Kim in Baltimore watching the snow melt on the first day of spring.
I don’t like snakes, never have. Growing up in the city amongst concrete and black top, I’d really no reason to come across one, but it didn’t stop me from checking under the toilet seat or searching under my bed before I went to sleep.
Most children are afraid of the dark, afraid of some inanimate object eerily coming to life in their room, or of a monster lurking under their bed or in their closet. My fear was something I could name, a reptile I could visit in the zoo or, worse yet, at the circus my mom and Nana insisted on dragging me to every March. The circus train would pass our house each spring on its way to Penn Station. On many occasions it would stop just outside our back doorstep, waiting for what I was never sure. It was in these moments, as the train sat silently, I worried the most.
Suppose one of those slithering creatures escaped? I was never concerned about the lions or tigers, they’d be missed immediately. But how long would it take to notice a lone missing snake?
It was Thanksgiving morning. I was fourteen years old. We had just begun to prepare the relish trays, I was in charge of the pickles and my sister took care of the olives. The sirens from a radio car and fire engine broke the calm order of our holiday. We were good neighbors, so we shuffled outside, coffee mugs in hand, to stand with the rest of our block. We did our duty and showed our concern by standing on the pavement and gawking at the house where the emergency vehicles were parked.
“Kitchen fire,” said one neighbor.
“Heart attack,” said another. But there was no ambulance. Seconds later Animal Control pulled up. One man carried a large stick, the other man held what looked like a laundry bag.
“Snake,” Dad said.
The poor woman in that house had found an eight-foot python behind her stove. A young man several blocks away had been in search of his pet python, Serena was her name, all morning. Fortunately, Serena had been well fed and cared for by her owner and the woman or her Toy Poodle had not been on the python’s Thanksgiving menu.
I learned two things that day; snakes seek out warmth, and that my fear was not as unfounded as my parents led me to believe. There’s more than one benefit to sleeping in a cool room, I thought.
When I was twenty-five years old I taught preschool. A local nature center came to give a presentation one afternoon. The center was known for their care and rehabilitation of wild animals. I arranged for this program because I wanted my inner-city students to see these animals up close and to learn how to respect nature. The director of the center brought along with her quite a few animals that included an opossum, a barn owl, a hawk, and, of course, a snake.
“I need a volunteer,” she said to the crowd. My principal pushed me forward. “This was your idea, after all,” she reminded me.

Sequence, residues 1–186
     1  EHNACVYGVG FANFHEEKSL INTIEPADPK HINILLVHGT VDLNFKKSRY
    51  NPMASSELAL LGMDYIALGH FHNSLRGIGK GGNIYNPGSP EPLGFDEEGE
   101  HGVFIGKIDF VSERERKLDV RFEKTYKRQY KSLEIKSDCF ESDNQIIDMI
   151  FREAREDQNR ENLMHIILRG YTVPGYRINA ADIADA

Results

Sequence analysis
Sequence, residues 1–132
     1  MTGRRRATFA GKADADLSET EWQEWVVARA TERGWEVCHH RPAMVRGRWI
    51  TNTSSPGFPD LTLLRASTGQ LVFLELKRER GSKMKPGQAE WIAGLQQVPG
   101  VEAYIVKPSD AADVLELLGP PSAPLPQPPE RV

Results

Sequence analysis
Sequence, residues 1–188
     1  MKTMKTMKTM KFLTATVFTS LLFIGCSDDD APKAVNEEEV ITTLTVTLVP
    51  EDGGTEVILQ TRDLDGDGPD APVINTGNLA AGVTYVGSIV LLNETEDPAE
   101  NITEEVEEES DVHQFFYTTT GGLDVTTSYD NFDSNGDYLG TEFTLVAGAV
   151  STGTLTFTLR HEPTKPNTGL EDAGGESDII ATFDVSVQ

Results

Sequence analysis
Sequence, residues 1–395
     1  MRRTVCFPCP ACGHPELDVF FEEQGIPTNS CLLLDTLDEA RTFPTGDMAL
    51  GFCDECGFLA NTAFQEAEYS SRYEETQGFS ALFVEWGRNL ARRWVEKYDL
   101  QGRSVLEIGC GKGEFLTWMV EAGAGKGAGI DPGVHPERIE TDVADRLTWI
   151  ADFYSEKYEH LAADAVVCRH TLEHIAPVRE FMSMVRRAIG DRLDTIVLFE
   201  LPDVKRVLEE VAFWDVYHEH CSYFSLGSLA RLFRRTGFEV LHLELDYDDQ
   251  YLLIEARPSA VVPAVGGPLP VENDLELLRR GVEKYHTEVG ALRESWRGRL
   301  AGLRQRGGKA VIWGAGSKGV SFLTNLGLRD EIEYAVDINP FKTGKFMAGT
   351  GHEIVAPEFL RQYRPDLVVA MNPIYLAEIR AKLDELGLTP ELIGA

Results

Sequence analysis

My job was to hold the snake. I thought I was going to faint. I could actually hear my heart beat in my ears along with great swooshing noises. I swallowed my fear and held out my hand for the small yellow and brown corn snake. Her name was Lipstick and her skin felt soft as silk material, not like slime or leather as I’d feared. She gently moved her body around my wrist and up my arm flicking her tongue in and out. It was the only time I’ve ever held a snake.
My dad was sixty-one years old when he came to live with me and my family after his house burned down. As the months passed, it became apparent he was not well. It was hard for him to put sentences together or to walk very far. We turned our family room on the first floor into a bedroom for him where he’d have easy access to the bathroom and the back porch where he could go to smoke.
By year’s end he began to have mini strokes and was now unable to move around on his own. I took him all his meals and sat with him drinking endless cups of coffee while watching game and talk shows.
One evening, after everyone was asleep and I was up reading, I began hearing odd sounds. I checked the children, but they were sleeping soundly. The dogs were curled by the fireplace. After checking each room without discovering the source of the shuffling sound, I decided to check on Dad. He had been asleep for hours. I opened the door at the top of the stairs and saw a brown pattern move on the steps. I screamed and flipped on the lights. There was Dad slithering up towards me, his tongue twitched from side to side as he slid on his belly maneuvering his way up the stairs.
“Did I scare you?” he asked and rolled over on his back. I could barely breathe. My body shook so hard I had to sit down on the floor. I reached down and touched his shoulder to reassure myself it was only my dad. His face was covered in sweat from exertion.
“I want that brown stuff in a mug,” he said.
“Coffee?” I asked. “I will bring you your coffee.” But I still couldn’t move.
“I scared you,” he said again and began to laugh.
He laughed so hard for so long he sent himself into a coughing fit. It took the fire department to get him off the steps and back in bed. He continued to tell the story and laugh about it for days afterward. I believe it was the last hearty laugh he enjoyed.
In my childhood I was not afraid of ghost or the dark, but of something slithering near me. My dad has been gone from this world for eleven years now, but there has not been one time since that evening that I have not been leery of opening that door and just a bit terrified I might find him slithering up towards me.